The must-see wonders of Málaga

The province of Málaga has a rich heritage that you should explore, besides the fascinating Costa del Sol. Wandering around the narrow streets of a charming inner village, visiting places of great culture and history, and discovering its fabulous natural wonders are some of the many possibilities when it comes to enjoying Málaga’s wonders. Although there are many alternatives to doing so, you should take notes on those that can’t be missed when visiting this region of Andalucía.

Capital city of Málaga, a dazzling city

Málaga’s famous alcazaba

Alcazaba of Málaga.

Alcazaba of Málaga. | Shutterstock

To walk around the capital city of Málaga is to get lost in culture and history, particularly if you encounter its alcazaba, an eleventh-century palatial fortress. It sits at the foot of Gibralfaro Mount, near the town centre. Just a simple look at the building will be enough for you to understand why this is one of the most emblematic architectural works in Spain.

The Roman theatre and its history

Ruins of the Roman theatre.

Ruins of the Roman theatre. | Shutterstock

The local Roman theatre lies at the foot of the alcazaba. It dates back to the first century BCE, this is the main vestige of the Roman presence in Málaga.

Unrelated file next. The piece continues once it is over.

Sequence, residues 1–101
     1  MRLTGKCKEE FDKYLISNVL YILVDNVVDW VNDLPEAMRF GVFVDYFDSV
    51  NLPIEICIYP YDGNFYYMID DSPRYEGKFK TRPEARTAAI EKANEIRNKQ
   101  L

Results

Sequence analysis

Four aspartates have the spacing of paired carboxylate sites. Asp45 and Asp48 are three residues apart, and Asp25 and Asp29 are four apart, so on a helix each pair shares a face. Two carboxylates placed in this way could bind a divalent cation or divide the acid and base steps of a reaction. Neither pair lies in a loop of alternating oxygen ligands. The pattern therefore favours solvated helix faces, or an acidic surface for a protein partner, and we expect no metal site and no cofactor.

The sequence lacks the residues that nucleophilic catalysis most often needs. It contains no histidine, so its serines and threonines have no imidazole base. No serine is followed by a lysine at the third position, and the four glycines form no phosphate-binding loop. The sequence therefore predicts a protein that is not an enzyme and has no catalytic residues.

Its grandstands are its main feature, which fit the land, using the natural slope to stand still, just like the old Greek theatres did. It was built with massive marble slabs that create the stepped grandstands. This building remained hidden until the 1940s, when it was discovered owing to some construction work. Now we can enjoy this incredible historical treasure.

The lively Larios Street

Marqués de Larios Street.

Marqués de Larios Street. | Shutterstock

Marqués de Larios Street is its full name. Besides being the main commercial street of the city, it is considered one of the most elegant and beautiful streets in Spain. We should highlight its diverse shops and lively atmosphere. A shopping day at this famous 350-metre-long place should be on every itinerary.

The magical villages of Málaga

Frigiliana and its views

Frigiliana.

Frigiliana. | Shutterstock

It can be found in the eastern area of Málaga, whose Arab past shines even brighter here. Frigiliana is lucky enough to sit on the Sierra Almijara, so it offers gorgeous views of the Costa del Sol, considered one of its main attractions.

The Reales Pósitos, the castle or the San Antonio de Padua Church are some of its most renowned spots. Besides, it was also the first municipality in the province of Málaga to become part of the Los Pueblos Más Bonitos de España organisation.

The emblematic Ronda

Ronda.

Ronda. | Shutterstock

Ronda awaits you in northwestern Málaga. It’s one of the most important tourist centres in the province and the whole of the country. It sits on a plateau divided by a deep gorge, the result of the Guadalevín River’s action.